Another bonus is that there is no longer any Subactivity trait, as they can be implemented as simple async methods.

Interruptions via RAII

As the state of local variables is automatically tracked for us by the compiler, this makes it really easy to handle interruptions via destructors. Let's have a look inside the go_to subactivity2:

// semi pseudo-code
struct GotoSubactivity { ... }

impl GotoSubactivity {
    async fn go_to(&self, ctx, destination) -> Result<(), GotoError> {
        // request navigation to destination, and get a unique token back [^2]
        let path_token = request_navigation_to(destination);

        // await specific arrival event
        let goto_result = ctx
          .subscribe_to_specific_until(me, EntityEventType::Arrived, |evt| match evt {
              EntityEventPayload::Arrived(token, result) if token == path_token => Ok(result),
              _ => Err(evt), // other unhandled events
          })
          .await;

        let result = match goto_result {
            None => return Err(GotoError::Cancelled), // bail out early
            Some(Ok(_)) => Ok(()),
            Some(Err(err)) => Err(err.into()),
        };

        // track completion
        self.complete = true;

        result
    }
}

// destructor
impl Drop for GotoSubactivity {
    fn drop(&mut self) {
        if !self.complete {
            self.ctx.abort_path();
        }
    }
}

When the wander activity invokes ctx.go_to, this instantiates a GotoSubactivity on the stack, which contains a bool field complete to track the state. Its destructor drop is invoked on return in all cases, for completion as well as interruptions.

Within the destructor we can then cancel the navigation if it was not completed. In other behaviours like hauling we can do more complicated interruption handling such as dropping the item on the ground.

Activity status

Although not specific to the async runtime, there has been an improvement to the subactivity info displayed in the UI. Previously the current subactivity was displayed in the UI, as seen below (borrowed from devlog 4):

GIF of current subactivity shown in the UIPrevious implementation showing the current activity and subactivity.

This was restricted to the type of the subactivity, so it could not be very easily customised to show more fine-grained steps.

The API now looks like this:

pub trait Status: Display {
    fn exertion(&self) -> f32;
}

impl ActivityContext {
    fn update_status(&self, status: impl Status + 'static) { ... }
}

This lets an activity or subactivity define its own self-contained types for the current task, which allows for more useful status information, like the following:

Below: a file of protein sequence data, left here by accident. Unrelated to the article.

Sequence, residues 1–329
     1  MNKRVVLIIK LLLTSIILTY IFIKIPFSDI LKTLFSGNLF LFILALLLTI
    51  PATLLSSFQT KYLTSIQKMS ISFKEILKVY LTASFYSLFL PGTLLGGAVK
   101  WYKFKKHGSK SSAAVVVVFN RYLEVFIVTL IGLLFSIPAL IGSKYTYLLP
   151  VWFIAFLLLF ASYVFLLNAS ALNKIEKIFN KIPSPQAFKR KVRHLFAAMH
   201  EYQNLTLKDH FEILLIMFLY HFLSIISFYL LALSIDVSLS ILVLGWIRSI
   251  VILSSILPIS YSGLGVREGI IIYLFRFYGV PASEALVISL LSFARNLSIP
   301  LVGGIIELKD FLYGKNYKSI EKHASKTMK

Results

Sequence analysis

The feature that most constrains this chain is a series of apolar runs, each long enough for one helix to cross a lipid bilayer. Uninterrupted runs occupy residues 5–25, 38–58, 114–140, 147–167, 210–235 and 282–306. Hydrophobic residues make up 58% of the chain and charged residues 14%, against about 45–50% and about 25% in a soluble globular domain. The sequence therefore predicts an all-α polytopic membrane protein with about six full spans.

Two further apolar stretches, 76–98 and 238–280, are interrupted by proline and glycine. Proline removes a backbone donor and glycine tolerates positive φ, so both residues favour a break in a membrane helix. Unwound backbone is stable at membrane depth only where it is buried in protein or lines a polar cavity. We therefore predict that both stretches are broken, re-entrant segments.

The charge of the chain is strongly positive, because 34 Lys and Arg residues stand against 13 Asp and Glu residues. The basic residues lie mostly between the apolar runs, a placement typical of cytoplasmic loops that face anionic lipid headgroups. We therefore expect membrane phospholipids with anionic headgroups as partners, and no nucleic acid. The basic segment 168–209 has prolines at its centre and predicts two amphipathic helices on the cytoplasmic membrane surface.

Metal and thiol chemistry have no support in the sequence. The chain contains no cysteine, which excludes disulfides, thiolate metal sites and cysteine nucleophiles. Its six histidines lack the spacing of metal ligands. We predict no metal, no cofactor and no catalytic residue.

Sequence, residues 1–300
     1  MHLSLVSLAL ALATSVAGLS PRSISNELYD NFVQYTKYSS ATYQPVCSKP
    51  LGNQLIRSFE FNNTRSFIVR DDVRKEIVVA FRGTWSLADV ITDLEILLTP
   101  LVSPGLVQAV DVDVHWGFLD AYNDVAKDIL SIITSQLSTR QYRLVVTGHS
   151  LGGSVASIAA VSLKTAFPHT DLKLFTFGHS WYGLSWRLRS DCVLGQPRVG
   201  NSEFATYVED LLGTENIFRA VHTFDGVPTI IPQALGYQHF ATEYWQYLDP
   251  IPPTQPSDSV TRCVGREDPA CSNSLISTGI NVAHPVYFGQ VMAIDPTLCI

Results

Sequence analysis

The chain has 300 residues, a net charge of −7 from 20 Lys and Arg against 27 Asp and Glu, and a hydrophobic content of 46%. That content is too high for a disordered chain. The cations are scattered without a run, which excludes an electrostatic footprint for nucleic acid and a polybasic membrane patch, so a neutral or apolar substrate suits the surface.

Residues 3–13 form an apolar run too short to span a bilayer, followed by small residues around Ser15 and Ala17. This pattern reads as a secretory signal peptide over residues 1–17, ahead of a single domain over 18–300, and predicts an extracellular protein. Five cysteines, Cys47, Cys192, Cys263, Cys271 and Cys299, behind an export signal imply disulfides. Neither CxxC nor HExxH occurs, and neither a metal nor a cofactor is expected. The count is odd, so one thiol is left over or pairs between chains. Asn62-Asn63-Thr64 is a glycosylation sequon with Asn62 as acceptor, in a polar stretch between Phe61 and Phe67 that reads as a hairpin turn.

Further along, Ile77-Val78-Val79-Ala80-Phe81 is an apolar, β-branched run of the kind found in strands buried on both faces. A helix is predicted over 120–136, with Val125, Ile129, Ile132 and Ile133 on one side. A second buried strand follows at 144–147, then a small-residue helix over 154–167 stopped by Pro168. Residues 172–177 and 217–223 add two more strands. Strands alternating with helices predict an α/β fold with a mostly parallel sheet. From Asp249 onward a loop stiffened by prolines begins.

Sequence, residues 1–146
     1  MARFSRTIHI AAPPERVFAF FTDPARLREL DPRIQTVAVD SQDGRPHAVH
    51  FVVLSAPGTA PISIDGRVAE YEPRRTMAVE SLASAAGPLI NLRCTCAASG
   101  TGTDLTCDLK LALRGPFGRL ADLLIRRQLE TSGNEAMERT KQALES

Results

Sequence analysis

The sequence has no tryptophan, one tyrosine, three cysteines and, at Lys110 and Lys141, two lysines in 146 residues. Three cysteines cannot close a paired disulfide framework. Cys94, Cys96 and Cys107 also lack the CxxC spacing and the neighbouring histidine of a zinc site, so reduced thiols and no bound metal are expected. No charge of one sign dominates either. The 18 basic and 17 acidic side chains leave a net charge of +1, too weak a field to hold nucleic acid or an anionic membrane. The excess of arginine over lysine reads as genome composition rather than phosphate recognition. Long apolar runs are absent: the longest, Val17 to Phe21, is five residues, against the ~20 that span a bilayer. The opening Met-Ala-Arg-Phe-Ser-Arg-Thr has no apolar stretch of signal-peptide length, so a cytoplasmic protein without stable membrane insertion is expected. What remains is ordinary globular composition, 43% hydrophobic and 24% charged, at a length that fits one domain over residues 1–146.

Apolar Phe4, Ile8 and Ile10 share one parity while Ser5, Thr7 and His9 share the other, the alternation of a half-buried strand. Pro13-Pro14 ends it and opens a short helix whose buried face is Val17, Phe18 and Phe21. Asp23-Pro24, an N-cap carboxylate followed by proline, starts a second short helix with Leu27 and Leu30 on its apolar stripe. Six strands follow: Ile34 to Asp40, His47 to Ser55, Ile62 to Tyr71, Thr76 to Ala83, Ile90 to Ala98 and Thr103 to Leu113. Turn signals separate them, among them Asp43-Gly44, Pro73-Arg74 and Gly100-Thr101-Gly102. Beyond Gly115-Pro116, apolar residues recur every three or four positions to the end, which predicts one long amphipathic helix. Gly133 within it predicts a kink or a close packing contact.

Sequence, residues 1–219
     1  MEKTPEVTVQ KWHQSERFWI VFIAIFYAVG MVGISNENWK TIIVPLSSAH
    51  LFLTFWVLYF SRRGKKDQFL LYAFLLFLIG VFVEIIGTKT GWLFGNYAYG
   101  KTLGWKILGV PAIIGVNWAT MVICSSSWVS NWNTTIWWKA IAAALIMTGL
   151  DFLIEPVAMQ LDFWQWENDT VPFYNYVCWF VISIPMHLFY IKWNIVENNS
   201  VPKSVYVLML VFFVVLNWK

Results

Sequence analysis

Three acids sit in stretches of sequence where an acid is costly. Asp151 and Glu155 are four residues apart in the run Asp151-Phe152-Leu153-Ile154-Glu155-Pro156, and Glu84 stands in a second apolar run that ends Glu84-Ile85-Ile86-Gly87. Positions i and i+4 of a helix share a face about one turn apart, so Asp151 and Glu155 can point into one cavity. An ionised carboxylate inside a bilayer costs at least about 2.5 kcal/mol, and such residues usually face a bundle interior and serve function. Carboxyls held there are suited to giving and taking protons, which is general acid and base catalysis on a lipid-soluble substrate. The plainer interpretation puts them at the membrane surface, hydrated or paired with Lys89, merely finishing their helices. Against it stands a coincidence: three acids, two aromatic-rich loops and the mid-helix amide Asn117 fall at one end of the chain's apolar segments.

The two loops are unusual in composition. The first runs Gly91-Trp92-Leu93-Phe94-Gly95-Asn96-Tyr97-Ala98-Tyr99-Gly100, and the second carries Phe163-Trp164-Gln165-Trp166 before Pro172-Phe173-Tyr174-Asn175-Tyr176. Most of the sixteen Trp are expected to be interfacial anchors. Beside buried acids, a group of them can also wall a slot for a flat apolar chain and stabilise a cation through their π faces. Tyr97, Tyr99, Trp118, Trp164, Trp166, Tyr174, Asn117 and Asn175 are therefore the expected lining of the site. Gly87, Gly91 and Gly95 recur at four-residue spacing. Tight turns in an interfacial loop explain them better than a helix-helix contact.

GIF of more details activity statusAs the entity collects materials for a build, there are many more status updates than previously.

Was the churn worth it?

This effort took multiple months of rewriting a whole lot of code3 that itself was only a few months old (and already documented in a devlog!), and seems to be the very definition of unnecessary code churn.

However I think in this case it was warranted; the feeling of despair that hit me when looking to add a new "go to and build block" activity would not have led to much enthusiasm for working on the project. The only way I can keep up the motivation to work on this game for years is if the codebase is a pleasure to work on, which this refactor has contributed to!

Next up is a deep dive into the internals of the custom async runtime.

Or a detour into other interesting topics like engine integration tests, terrain generation or data-driven architecture... I've made a lot of dev progress in the last year that needs writing about!


  1. Trying to look at a real code example isn't a nice experience, but here's a link to the 500 lines of state management for the hauling activity. 

  2. The path token returned from request_navigation_to serves to identify our specific path request amongst potentially many. This can happen when a new destination is requested while another is in progress; a cancellation event for the original will be triggered (Arrived(token, Err(GotoError::Cancelled))), which unless filtered on the token will match the arrival logic and erroneously terminate the goto early. 

  3. And time spent dev'ing is time not spent writing devlogs... The rate at which I get these out is due to increase substantially.